A thing that is unique to Danish culture and socialising is the emphasis on FORENINGER. This is relatively complicated to translate, as it is a Danish/Scandinavian concept that has been a pillar in these countries civil societies for almost 150 years.
A “forening” is a democratic, membership-based organisation with a common theme, goal or activity. A board, consisting of members from the organisation, runs the forening and every member has the right to vote and participate in the activities, given that you pay the membership fee. So essentially those members participating are also the people running the activities voluntarily.
This is how almost all sports clubs, leisure activities, interests based clubs and societies and many of the volunteer organisations work in Denmark, and it is where many people form a network outside work and school. Around 90% of all Danes are a member of at least one forening, chances are there’s a relevant one for you as well out there.
Getting involved in a forening is not only a good way to meet new people; it is also a great way to see one of the culturally specific “very Danish” institutions at work.
If you join a forening to play sports (instead of the local “pay&go” gym), not only do you get to do the sports, but there are normally also a host of other activities connected to it, like parties, fundraisers, commitees to join within the club etc. Therefor it is a great way to get to meet many Danes and form a network.
A lot of students in Denmark do volunteer work, either on a regular basis or for special events in their city, community or within their fields of interest.
If you’re interested in regular (weekly or monthly) volunteer work, your local Studenterhus is a great place to start. They normally have a big community of volunteer students and do activities related to your life as a student, whether it is bartending at their café, organizing events or doing social activities for other students. If you want to join, contact your local Studenterhus.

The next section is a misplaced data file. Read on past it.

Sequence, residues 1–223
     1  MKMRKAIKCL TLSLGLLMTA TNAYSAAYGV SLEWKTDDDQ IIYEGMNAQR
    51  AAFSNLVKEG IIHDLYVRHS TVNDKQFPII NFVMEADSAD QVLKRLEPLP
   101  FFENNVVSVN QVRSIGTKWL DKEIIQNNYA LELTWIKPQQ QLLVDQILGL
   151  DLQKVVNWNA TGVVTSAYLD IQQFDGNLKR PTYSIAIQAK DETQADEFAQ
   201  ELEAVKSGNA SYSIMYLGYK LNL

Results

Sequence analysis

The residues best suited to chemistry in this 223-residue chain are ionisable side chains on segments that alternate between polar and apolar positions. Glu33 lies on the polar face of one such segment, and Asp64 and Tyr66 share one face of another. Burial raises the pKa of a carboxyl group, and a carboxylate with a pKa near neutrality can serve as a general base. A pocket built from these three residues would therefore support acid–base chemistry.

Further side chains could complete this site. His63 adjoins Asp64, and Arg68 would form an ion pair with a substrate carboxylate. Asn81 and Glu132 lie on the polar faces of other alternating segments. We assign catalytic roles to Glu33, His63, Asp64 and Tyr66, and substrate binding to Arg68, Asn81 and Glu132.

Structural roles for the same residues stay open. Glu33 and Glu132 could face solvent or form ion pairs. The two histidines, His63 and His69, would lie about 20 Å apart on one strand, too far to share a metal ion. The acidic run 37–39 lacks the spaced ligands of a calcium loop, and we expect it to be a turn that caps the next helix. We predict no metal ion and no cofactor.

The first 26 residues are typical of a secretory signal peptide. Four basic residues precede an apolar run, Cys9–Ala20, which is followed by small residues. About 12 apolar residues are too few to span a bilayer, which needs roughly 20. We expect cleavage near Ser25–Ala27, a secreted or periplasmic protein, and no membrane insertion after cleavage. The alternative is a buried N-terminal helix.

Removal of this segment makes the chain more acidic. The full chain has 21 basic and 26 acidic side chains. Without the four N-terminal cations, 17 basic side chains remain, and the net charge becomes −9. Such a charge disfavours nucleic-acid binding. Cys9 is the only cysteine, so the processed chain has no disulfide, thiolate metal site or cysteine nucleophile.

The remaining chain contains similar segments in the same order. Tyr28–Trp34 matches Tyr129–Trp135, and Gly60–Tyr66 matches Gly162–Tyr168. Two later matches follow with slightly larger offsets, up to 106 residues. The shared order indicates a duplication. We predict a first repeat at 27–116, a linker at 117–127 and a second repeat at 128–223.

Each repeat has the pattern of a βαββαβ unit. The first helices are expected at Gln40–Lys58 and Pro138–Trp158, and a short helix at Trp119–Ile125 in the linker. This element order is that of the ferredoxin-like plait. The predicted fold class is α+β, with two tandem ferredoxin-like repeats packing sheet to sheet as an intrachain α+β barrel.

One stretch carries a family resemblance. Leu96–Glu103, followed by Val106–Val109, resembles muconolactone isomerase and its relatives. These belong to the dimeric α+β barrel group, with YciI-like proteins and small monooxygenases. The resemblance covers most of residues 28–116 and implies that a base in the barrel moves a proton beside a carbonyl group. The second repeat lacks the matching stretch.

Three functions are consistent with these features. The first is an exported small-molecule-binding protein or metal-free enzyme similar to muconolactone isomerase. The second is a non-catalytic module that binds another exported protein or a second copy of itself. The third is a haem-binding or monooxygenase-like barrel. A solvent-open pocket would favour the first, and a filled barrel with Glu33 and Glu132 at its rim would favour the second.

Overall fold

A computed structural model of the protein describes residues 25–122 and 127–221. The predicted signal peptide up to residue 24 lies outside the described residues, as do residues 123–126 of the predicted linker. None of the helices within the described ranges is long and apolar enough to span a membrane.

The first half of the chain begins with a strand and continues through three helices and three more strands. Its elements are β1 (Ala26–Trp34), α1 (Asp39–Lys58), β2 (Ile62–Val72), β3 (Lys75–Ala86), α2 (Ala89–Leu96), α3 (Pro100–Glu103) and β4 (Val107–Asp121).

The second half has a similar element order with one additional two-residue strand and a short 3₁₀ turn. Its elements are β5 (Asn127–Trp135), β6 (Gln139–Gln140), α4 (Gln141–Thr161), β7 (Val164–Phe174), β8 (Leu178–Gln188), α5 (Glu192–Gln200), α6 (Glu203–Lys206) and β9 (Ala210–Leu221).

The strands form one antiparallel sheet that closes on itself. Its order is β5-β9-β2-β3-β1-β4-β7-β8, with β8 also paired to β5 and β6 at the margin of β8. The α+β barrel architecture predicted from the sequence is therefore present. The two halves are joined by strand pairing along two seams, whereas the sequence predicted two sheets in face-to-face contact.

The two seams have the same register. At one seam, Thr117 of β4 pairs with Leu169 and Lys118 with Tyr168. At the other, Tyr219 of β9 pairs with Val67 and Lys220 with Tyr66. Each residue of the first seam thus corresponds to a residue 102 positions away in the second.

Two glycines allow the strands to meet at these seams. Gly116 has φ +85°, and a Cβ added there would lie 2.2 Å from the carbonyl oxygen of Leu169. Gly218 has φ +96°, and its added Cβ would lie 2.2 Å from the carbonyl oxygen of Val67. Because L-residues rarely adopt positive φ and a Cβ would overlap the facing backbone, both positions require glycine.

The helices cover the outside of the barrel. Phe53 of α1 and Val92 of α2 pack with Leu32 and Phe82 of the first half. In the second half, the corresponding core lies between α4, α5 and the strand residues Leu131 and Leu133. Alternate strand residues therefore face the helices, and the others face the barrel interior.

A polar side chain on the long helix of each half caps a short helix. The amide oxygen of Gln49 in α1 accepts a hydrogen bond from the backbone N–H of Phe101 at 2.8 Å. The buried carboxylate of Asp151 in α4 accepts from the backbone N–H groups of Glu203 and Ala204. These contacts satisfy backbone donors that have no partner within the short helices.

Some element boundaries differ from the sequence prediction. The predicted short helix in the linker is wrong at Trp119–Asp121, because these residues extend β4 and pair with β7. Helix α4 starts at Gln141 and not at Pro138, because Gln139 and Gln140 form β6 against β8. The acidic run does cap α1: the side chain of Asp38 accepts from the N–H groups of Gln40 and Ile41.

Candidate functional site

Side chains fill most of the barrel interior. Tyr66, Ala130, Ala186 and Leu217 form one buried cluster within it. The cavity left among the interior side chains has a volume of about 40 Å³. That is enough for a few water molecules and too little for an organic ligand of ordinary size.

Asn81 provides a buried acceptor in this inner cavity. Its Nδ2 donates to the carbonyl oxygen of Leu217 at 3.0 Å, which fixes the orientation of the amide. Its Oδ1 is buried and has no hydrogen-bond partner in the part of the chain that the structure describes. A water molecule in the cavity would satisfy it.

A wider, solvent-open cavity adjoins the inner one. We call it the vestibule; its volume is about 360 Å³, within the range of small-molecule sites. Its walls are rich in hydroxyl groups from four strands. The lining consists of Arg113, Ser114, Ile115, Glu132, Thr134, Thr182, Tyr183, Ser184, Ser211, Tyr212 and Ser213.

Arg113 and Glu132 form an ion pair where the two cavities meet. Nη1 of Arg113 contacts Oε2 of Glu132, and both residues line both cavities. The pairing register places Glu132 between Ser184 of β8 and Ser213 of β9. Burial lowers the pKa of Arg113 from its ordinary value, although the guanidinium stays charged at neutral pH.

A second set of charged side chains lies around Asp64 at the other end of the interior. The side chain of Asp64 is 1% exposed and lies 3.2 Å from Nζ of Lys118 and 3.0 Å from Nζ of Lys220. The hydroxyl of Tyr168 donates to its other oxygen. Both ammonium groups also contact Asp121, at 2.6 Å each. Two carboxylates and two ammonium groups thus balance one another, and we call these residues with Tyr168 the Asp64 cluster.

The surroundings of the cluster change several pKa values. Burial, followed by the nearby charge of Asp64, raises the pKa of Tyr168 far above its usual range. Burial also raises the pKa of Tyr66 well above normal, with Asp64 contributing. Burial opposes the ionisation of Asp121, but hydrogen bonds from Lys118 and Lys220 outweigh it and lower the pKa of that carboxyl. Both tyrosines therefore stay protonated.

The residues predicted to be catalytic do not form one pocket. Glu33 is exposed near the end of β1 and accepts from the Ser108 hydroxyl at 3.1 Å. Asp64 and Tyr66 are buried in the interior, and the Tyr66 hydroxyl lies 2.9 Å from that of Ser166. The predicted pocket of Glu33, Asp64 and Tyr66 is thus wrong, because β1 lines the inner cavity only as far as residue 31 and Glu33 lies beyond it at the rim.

The various non-profit cafés and charity organisations in your city can also be a great place to volunteer, especially if you’re in Denmark for more than a few months. The volunteer opportunities here are many and diverse. A lot of these jobs are visible on frivilligjob.dk, but you can also ask your fellow students about volunteer opportunities in your city.
Remember that a lot of volunteer work is done within the various foreninger, so if you’re interested in a particular forening, there are normally many opportunities to get involved here as well.
Many Danish students also volunteer on a more event based volunteering too. This is normally done at music festivals and other cultural events (film festivals, fashion week and historical celebrations are all based on volunteer work as well), and can be a great way to meet new people, have fun and get new experiences without having to commit on a weekly basis.
Google the events you’re interest in several months before the event, normally they do posts about looking for volunteers on their websites.
For big music festivals like Roskilde Festival, you can also sign up to volunteer alongside some of your friends and fellow students, so it becomes a social event in itself. This is how many Danish students finance their festivals, as it does get expensive otherwise on an SU.